Surge In Evictions

By Oliver Spencer | July 9, 2020

The wave has already begun: Evictions surge as cities suspend moratoriums

by Akiko Fujita

Yahoo Finance

Legal aid groups and housing advocates are bracing for a surge in evictions, as local governments begin lifting moratoriums that deferred rent payments for millions of tenants who lost jobs to the pandemic.

In Michigan, where the state is set to lift the eviction moratorium next Wednesday, Ruthie Paulson has seen a 76% spike in calls to her 211 call center, which provides social services to those most in need. Nationally, the call volume has jumped 200%.

“A lot of the tenants are living in fear, day to day, not knowing if they’re going to receive a stimulus check, not knowing if they’re going to receive an unemployment check,” Paulson said. “They know that date is coming, when legally they know their landlord will be able to get a court order to officially evict them. They know they’re not going to be able to pay that money.”

States that have already lifted the moratorium have seen a dramatic spike in eviction cases. In Memphis, Shelby County courts faced a backlog of 9,000 eviction cases when hearings resumed last month. In Milwaukee, eviction filings spiked 15% since the city’s moratorium was lifted, according to data from the Eviction lab. Columbus, Ohio, converted the city’s convention center into a socially-distanced housing court to prepare for the impending wave of evictions and homelessness.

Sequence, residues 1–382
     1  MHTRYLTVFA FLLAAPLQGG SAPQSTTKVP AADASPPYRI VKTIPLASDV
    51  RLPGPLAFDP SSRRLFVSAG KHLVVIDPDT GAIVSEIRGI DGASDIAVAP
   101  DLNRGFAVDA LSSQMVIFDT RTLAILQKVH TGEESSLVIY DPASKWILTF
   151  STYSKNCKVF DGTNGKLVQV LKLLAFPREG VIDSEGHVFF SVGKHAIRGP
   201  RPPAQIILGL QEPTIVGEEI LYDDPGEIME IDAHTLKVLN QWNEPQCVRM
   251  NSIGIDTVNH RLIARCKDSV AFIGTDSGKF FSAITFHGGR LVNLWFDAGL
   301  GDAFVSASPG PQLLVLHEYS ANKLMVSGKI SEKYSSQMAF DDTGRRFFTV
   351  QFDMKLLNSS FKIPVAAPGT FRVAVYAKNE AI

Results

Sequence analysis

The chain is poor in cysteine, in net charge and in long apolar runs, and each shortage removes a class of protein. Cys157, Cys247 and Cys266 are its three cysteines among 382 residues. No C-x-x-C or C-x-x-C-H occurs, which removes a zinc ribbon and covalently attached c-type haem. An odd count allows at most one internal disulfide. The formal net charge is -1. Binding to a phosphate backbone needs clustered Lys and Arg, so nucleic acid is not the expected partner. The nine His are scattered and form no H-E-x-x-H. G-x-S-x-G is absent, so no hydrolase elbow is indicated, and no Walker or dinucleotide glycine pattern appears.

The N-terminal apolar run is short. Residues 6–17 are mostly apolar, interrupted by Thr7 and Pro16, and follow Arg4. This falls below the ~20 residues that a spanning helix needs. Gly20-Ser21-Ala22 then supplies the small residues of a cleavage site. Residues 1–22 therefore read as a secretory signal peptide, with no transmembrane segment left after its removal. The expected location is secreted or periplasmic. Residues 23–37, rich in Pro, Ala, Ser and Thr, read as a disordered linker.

“In many ways, the wave has already begun. We need to work to stop it from becoming a tsunami and we’re running out of time,” said Diane Yentel, President of the National Low-Income Housing Coalition. “We’re seeing now a really frankly horrifying confluence of increasing evictions in states where new coronavirus cases are surging.”

20 million renters at risk of eviction

More than 20 million people, or one in five of the 110 million Americans who live in households that rent, are at risk of eviction by the end of September, according to the COVID-19 Eviction Defense Project. While economic stimulus payments and unemployment insurance have allowed tenants to remain in their homes throughout the pandemic, CEDP Co-Founder Zach Neumann says that is likely to change dramatically, with enhanced unemployment insurance set to expire at the end of the month.

Black and Latino families are at highest risk of eviction, according to Yentel.

Those seeking help aren’t limited to low-income families, but young professionals now out of work.